MGS: Ground Zeros and Why I Liked It?

Essentially playing a chunk of it polished up and released into the wild early

Hello and welcome to this week’s blog! I thought since it’s less than 2 months away from the release of Metal Gear Solid 5: The Phantom Pain on September 1st, I’d give MGS: Ground Zeroes a try after downloading it for free last month on PS+. What better way to decide on if buying one of the biggest AAA releases of the year is going to worth it in a year when there are a lot of them coming, than by essentially playing a chunk of it polished up and released into the wild early.

Now everyone knows the story with Ground Zeroes and how it is a money-spinning prologue to Phantom Pain that Konami wanted out the door because the main game was taking so long to develop. I’m not interested in talking about that because, let’s face it, that conversation has been done to death and I’m a year late to the party. So all I’m going to talk about here is my impressions of the game and what I think this means for Phantom Pain.

The first thing I noticed, well second after the enormous wait for a server connection, is how stunning it is visually. Even after more than a year since it was first released I was blown away by how it looked, the attention to detail is unbelievable and the weather and lighting effects are superb. If The Phantom Pain can live up to that standard or even surpass it, then we are looking at one of the most visually impressive games or possibly even the best looking game ever made. But we’ll have to wait and see before calling a verdict on that one because it will take a lot to unseat the big guns at the top of that list currently.

The second thing I noticed was that I didn’t actually understand anything that was going on to begin with, the opening dialogue isn’t being spoken by the characters moving about on screen which makes life really difficult for someone like me that hasn’t really played or finished any of the MGS games to follow. It is a bit convoluted and obtuse but on the plus side though, the objectives are easy enough to understand, once you get started and are given tasks to complete you have been given the tools and intel you need to get it done… after that the game lets you get to it which is fantastic fun, it really is. You can pretty much tackle all of this however you want and that is not an easy thing to make happen fluidly in a video game, which brings me nicely to the next thing I want to talk about.

The gameplay is really excellent, I’m not used to the controls which took a little getting used to for me but it didn’t take long once I got stuck into it. As it turns out I’m pretty terrible at being stealthy, I will spend ages marking all the targets, picking my route through and having a plan of action… but I always miss someone, get spotted at a really inopportune moment and have to fight my way out of the situation. But that’s not really a complaint because the combat is excellent and firefights are my sort of thing. I’d like to aim down my sights for better accuracy but then you can’t have everything your own way or these games would be too easy.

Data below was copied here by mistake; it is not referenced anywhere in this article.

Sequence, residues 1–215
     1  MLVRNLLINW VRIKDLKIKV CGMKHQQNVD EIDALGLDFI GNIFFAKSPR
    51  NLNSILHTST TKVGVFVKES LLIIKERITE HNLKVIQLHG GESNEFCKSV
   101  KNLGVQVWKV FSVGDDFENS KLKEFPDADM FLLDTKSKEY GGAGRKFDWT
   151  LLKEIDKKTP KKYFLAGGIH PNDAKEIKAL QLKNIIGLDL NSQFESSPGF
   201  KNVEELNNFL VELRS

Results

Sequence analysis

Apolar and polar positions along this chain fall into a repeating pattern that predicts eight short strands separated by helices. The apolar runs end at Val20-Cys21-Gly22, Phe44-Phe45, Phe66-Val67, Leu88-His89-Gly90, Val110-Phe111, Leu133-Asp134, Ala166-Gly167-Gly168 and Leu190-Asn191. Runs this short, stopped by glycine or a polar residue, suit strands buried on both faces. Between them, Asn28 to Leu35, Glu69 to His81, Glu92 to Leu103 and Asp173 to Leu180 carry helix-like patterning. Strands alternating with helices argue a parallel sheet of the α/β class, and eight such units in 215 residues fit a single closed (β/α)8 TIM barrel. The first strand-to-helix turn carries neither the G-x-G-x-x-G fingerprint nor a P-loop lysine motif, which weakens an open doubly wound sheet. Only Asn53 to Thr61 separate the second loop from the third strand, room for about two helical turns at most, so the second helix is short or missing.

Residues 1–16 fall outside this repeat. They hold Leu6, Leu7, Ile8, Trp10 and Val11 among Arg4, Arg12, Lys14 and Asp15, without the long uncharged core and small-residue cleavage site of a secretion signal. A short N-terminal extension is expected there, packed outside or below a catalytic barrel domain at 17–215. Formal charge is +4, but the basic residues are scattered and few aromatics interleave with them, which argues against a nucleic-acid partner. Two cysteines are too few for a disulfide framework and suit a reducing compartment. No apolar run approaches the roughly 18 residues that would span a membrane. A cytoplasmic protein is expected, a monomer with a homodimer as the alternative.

Ground Zeroes has been an excellent crash course in how amazing the MGS games can be, making it all the more likely that I will pick up The Phantom Pain when it releases in September. I might be bad at Ground Zeroes, but I had a lot of fun anyway which is the mark of a great game. I would recommend it to anyone who isn’t sure if it is for them or not, I wasn’t sure and now I am.

I hope The Phantom Pain looks as stunning as this and continues to raise the bar for all the other amazing developers out there willing to take on the challenge. Hideo Kojima was famously quoted as saying that he hated Grand Theft Auto 5 when it released because he thought Rockstar might have raised the bar too high for him and his team to match with MGS5, I really hope he was wrong.

As always thanks for taking the time to read this, you can let me know what you think in the comments, on the Facebook page or on Twitter @adamthomas1994, it is greatly appreciated.


Adam is a Writer, Editor & Podcaster here at Out of Lives. He casts a wide net across popular culture with video games & anime, in particular, featuring heavily in his work for the site. Hailing from a town just outside Glasgow, this Scotsman can usually be found roaming the Northern Realms on The Path or behind the wheel of a Supersonic Acrobatic Rocket Powered Battle-Car.
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